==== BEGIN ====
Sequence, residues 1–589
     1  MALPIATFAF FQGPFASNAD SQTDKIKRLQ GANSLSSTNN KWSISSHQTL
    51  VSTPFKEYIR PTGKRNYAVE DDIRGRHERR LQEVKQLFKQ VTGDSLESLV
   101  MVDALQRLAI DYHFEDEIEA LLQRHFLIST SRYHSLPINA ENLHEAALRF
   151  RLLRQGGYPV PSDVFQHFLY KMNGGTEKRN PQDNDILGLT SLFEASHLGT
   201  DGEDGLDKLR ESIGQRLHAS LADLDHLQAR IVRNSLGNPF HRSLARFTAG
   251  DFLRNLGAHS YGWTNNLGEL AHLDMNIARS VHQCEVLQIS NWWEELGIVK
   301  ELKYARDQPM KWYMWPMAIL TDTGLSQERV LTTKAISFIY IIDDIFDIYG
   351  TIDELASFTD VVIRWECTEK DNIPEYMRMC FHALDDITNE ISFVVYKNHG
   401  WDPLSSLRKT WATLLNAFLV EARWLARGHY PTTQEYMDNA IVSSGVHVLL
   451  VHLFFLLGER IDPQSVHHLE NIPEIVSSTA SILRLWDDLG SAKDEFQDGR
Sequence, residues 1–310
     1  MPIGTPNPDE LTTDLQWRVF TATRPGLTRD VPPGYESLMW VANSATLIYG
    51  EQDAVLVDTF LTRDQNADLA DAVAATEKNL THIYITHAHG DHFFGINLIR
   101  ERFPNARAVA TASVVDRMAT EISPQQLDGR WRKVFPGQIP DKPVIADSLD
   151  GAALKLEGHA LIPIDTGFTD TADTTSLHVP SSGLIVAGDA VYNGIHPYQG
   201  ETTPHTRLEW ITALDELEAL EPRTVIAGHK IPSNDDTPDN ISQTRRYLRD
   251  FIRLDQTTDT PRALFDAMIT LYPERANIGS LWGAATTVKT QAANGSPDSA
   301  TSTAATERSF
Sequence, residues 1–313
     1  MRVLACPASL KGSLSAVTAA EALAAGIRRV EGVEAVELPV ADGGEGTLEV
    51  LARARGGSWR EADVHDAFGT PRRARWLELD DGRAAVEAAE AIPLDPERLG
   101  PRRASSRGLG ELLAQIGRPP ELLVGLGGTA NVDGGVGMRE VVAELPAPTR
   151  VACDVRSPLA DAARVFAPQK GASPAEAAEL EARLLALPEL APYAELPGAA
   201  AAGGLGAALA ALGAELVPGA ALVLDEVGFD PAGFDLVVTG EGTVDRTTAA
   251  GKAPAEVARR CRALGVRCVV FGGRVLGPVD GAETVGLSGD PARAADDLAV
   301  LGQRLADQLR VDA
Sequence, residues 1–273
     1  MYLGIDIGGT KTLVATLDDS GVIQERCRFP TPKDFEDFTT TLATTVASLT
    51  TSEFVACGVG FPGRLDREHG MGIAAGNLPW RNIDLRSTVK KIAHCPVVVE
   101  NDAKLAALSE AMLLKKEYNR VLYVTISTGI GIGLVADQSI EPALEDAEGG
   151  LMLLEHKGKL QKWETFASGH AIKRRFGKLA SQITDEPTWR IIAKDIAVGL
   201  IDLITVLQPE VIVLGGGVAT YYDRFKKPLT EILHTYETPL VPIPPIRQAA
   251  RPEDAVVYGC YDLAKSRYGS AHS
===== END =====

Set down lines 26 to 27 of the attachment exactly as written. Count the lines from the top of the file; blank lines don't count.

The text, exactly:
   251  GKAPAEVARR CRALGVRCVV FGGRVLGPVD GAETVGLSGD PARAADDLAV
   301  LGQRLADQLR VDA